Hello, Frank Indiviglio here. The year 2011 has barely begun, but it is already supplying amphibian enthusiasts with exciting news items. One of the most surprising is the discovery that the tadpoles of the newly-described Vampire Flying Frog, Rhacophorus vampyrus, sport hard, sharp fangs…a previously unknown amphibian adaptation.
A Surprise in the Treetops
Biologists from Australia, Vietnam and the USA (North Carolina Museum of Natural Sciences) uncovered the new frog and its odd tadpoles while surveying montane forest canopies on the Langbian Plateau in southern Vietnam. Their findings, published in the journal Zootaxa (please see article below), have left herpetologists wondering just why tadpoles might need such odd mouthparts…certainly not to puncture veins, as their common name suggests!
The unique tadpoles seem to hatch from eggs deposited in water-filled tree hollows high above the ground, but beyond that we know nothing of their natural history.
Tooth structure is an important means of identifying tadpoles, especially given that so many are difficult to distinguish by eye. Most bear circular rings of rasping teeth or beak-like mouthparts; those of the Vampire Flying Frog sport a pair of hard, sharp black fang-like structures that arise from the lower jaw. While Horned Frog and some other tadpoles are highly carnivorous, none have evolved such specialized dentition.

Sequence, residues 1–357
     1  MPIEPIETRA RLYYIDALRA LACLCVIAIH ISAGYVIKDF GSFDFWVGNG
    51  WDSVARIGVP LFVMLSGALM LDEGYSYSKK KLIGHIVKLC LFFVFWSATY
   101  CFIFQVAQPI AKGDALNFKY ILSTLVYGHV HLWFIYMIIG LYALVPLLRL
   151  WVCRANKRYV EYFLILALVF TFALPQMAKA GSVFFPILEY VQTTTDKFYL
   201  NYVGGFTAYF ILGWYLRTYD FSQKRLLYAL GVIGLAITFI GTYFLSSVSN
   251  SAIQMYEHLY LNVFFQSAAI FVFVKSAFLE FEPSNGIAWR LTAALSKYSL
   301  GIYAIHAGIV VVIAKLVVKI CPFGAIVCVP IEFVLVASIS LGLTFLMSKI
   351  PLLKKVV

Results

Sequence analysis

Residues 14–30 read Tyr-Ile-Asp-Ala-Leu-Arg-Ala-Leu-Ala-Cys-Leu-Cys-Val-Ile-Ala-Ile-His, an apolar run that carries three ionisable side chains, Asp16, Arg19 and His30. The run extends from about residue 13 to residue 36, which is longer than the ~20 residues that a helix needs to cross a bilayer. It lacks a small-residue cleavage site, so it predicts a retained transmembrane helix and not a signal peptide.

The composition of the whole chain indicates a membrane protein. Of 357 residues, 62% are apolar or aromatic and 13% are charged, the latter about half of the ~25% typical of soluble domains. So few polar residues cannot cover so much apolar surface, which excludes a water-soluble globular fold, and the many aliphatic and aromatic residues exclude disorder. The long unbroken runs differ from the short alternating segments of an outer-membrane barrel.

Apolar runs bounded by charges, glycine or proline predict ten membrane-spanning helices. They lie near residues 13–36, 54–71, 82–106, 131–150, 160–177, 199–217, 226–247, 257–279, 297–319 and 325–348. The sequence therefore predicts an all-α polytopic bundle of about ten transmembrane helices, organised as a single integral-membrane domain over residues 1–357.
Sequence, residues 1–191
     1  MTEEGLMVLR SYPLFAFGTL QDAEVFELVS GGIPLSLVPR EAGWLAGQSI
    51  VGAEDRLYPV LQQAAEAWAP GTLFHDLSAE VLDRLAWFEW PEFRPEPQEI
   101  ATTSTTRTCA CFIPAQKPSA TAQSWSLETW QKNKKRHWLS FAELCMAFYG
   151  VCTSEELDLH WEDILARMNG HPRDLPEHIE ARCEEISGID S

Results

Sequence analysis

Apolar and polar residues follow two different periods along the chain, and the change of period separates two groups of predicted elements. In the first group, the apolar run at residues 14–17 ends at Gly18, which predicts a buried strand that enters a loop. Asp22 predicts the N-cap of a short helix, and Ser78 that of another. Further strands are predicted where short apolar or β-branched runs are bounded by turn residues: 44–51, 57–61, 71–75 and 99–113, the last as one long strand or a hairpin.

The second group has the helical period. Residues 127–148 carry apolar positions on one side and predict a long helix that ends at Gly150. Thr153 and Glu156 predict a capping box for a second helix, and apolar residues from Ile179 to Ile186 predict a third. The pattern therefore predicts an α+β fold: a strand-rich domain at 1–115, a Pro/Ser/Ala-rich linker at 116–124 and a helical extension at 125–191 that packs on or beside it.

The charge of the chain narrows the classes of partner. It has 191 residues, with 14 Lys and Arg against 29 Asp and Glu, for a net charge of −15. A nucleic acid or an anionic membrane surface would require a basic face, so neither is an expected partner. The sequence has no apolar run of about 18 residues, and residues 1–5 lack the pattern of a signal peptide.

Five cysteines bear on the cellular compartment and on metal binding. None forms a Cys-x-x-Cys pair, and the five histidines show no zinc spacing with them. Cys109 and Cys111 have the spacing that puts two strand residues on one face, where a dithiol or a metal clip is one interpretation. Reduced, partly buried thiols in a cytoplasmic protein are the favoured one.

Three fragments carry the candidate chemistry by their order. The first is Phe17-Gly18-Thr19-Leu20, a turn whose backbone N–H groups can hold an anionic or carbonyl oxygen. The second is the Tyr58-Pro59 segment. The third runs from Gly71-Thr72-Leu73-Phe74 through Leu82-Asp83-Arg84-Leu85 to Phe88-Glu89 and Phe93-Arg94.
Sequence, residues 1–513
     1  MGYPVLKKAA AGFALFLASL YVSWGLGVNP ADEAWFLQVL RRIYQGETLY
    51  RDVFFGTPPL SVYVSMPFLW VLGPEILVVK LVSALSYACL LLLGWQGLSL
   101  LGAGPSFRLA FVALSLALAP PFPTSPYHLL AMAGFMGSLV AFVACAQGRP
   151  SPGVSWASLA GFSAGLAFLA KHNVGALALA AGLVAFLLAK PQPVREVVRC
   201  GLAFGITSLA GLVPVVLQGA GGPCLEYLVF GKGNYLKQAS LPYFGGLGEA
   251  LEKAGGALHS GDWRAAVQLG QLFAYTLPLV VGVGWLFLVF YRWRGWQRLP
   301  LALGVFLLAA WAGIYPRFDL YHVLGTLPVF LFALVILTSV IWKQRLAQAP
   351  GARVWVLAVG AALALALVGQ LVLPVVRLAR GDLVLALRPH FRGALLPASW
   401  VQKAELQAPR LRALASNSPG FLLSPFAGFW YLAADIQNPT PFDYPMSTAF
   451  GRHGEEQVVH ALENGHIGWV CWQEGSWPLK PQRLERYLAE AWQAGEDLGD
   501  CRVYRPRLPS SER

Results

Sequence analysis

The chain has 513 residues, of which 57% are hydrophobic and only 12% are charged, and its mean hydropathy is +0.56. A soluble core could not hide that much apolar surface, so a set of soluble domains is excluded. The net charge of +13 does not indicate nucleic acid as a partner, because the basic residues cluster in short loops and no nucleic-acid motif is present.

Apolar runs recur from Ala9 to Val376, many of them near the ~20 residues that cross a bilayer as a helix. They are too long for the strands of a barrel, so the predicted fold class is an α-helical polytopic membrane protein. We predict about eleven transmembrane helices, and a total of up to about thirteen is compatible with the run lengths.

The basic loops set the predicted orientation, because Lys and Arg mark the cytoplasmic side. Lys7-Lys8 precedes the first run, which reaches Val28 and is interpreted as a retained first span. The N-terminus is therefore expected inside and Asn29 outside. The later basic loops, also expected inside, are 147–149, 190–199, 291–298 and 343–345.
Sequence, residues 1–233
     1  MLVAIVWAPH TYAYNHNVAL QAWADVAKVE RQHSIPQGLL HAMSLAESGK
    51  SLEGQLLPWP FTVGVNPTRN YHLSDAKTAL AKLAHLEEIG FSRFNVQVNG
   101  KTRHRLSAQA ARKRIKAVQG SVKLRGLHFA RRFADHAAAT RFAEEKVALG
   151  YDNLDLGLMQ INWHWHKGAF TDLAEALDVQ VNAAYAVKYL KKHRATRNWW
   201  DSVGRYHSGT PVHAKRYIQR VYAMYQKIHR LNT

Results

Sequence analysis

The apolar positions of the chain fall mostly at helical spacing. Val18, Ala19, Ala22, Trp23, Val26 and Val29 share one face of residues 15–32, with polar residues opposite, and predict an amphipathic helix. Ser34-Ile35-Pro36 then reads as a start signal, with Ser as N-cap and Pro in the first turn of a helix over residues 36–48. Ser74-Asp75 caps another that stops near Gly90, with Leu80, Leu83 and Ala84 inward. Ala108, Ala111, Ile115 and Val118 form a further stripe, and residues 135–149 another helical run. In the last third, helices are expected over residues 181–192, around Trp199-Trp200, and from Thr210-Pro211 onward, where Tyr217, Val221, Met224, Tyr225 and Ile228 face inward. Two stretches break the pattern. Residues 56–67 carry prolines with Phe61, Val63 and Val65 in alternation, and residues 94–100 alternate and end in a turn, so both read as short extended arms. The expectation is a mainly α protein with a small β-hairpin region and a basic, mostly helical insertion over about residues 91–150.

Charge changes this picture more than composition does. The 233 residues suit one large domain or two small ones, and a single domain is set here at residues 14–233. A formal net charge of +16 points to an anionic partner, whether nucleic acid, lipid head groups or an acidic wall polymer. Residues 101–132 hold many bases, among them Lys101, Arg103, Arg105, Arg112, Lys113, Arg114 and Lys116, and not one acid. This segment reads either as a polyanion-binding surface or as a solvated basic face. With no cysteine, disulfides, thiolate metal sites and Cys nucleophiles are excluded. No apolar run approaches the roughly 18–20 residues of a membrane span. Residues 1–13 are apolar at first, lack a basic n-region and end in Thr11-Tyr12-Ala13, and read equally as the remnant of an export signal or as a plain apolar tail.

The New Frog and its Relatives
The Vampire Flying Frog is classified within the family Rhacophoridae, a widespread group of 319 largely arboreal frogs (please see photos for examples). Several, including Wallace’s Flying Frog and the Golden Treefrog, have evolved the ability to glide (please see drawing) and are popular in the pet trade.
As of now, the Vampire Treefrog is known only from the Bidoup-Nui Ba National Preserve in southern Vietnam. In common with other Vietnamese amphibians living at high altitudes, it is threatened by the expansion of coffee farms. Its discovery brings the number of known amphibians to 6,138, many of which have been found only in the past 2 decades.
Field and lab studies will hopefully shed some light on how these unusual tadpoles live and feed…I’ll comb the journals and post updates as they appear. Until then, please write in with your questions and comments.
Original Zootaxa article describing the new frog, along with photos.
Rhacophorus malabaricus image referenced from wikipedia and originally posted by L. Shyamal